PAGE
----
Time Out for Foreign Cash Flow
Art Allen founded Allen Systems, a manufacturer of mainframe computer software, in 1986with $2,000 from personal savings. By 1993, the company had grown to $12.5 million in sales. Allen credits the company's growth, in large part, tohis obsessive focus on daily cash management.
"With $3 million worth of receivables--about half of that being paid by international customers into our overseas bank accounts--we could not afford to tie upour cash while we waited to act on weekly or monthly bank statements," Allen says.
Instead, by 2 p.m. each day, an accounting staffer at Allen's Naples, Fla., headquarters receives faxes updating the status of each of thecompany'sinternational bank accounts--total deposits, the U.S. exchange rate and a current value in U.S. dollars of the company's checking and money-marketaccounts. (The company set up the overseas bank accounts to deposit overseas collections faster.) Each day, Allen decides how much cash should stay in theforeign banks and how much should be transferred back to the United States. "To get money back here from a bank in Brazil or Spain might take two weeksor more," he explains.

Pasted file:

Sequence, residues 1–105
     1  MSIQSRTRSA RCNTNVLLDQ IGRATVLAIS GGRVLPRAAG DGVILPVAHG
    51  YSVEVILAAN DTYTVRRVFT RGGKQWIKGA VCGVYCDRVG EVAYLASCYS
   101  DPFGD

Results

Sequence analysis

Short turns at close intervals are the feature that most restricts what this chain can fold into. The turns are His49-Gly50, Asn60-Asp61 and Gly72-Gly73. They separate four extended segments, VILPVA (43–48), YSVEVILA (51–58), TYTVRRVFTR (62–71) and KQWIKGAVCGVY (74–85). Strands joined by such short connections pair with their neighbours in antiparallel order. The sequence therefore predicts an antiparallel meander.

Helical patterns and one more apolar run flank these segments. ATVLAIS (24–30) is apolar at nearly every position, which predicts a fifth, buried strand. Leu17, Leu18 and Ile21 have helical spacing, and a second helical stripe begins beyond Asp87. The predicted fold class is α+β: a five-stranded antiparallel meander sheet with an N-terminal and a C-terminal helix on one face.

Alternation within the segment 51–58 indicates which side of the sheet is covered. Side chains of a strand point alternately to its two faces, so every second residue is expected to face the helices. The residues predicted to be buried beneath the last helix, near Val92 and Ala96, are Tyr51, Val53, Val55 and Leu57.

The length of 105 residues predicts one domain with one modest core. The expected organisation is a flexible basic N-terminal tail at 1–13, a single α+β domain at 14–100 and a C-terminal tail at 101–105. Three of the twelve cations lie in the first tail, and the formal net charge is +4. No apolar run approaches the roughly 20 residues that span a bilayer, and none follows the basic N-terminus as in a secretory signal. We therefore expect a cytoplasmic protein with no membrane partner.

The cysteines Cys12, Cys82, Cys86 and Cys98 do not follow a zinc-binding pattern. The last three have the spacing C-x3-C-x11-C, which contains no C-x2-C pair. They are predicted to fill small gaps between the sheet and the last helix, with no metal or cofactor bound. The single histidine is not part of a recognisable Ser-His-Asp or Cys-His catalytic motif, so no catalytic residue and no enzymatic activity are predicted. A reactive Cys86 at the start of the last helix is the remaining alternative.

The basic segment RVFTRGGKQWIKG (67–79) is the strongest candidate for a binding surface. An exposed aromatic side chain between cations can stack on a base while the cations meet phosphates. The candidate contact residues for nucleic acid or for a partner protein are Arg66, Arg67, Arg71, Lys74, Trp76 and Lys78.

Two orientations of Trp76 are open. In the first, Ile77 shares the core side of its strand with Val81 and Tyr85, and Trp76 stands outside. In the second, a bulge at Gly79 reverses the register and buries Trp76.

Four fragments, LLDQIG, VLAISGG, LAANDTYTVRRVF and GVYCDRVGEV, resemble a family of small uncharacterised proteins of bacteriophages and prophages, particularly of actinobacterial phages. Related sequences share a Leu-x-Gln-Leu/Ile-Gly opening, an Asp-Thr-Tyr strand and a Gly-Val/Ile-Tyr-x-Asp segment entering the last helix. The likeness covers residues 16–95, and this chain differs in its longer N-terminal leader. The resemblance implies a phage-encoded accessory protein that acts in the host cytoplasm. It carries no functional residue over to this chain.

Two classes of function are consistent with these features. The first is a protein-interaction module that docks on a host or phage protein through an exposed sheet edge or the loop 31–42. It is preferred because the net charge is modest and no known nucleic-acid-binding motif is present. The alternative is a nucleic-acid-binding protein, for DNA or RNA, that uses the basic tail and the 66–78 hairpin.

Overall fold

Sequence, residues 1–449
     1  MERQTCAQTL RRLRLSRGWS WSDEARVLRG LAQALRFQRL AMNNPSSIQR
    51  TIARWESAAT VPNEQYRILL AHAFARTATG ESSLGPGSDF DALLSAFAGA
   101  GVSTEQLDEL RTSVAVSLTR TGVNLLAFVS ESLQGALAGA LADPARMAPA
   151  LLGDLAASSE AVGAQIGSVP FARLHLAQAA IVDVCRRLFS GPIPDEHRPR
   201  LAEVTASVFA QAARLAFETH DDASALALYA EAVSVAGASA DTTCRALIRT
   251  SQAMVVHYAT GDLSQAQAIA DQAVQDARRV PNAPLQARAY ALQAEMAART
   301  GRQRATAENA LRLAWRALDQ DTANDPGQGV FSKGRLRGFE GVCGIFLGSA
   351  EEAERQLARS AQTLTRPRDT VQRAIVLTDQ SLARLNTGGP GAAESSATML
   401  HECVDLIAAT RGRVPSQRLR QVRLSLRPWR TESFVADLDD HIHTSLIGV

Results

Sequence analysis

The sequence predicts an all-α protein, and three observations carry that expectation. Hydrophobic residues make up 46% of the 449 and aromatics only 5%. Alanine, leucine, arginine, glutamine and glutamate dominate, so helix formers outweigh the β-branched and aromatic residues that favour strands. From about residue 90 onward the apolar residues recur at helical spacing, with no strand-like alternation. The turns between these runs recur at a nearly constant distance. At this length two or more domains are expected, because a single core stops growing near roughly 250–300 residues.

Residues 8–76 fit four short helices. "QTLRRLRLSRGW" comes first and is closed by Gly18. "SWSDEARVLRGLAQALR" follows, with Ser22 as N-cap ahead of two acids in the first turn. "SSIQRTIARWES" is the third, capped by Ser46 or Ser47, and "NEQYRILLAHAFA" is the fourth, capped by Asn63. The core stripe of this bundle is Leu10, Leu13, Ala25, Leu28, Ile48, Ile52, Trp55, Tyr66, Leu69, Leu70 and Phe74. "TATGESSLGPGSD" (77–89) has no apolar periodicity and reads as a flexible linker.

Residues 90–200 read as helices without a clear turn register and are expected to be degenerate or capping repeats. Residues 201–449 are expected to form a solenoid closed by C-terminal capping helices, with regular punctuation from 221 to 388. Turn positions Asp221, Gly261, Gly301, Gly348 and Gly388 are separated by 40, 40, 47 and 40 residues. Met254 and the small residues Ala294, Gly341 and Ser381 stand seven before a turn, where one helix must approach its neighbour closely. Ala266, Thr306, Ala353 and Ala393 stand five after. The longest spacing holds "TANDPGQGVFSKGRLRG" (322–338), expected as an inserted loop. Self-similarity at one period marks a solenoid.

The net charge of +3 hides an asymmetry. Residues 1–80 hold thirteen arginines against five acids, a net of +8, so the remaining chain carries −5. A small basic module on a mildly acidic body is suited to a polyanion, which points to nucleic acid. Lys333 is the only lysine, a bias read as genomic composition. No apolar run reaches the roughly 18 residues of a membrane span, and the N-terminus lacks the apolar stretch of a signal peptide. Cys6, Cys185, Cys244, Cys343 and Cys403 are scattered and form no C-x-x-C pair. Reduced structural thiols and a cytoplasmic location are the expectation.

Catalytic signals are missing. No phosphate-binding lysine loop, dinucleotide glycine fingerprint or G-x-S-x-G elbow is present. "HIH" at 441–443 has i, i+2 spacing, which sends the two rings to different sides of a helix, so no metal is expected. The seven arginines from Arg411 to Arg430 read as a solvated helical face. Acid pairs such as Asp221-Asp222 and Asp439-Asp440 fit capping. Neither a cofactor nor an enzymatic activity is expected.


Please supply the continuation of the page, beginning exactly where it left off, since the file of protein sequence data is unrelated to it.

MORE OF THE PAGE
The cost of such intensive cash management is about $1 per day for each bank's fax and an hour of a staff person's time. Allen spends only 10 minutes a daymaking his decisions, and the results, he says, "are well worth it."
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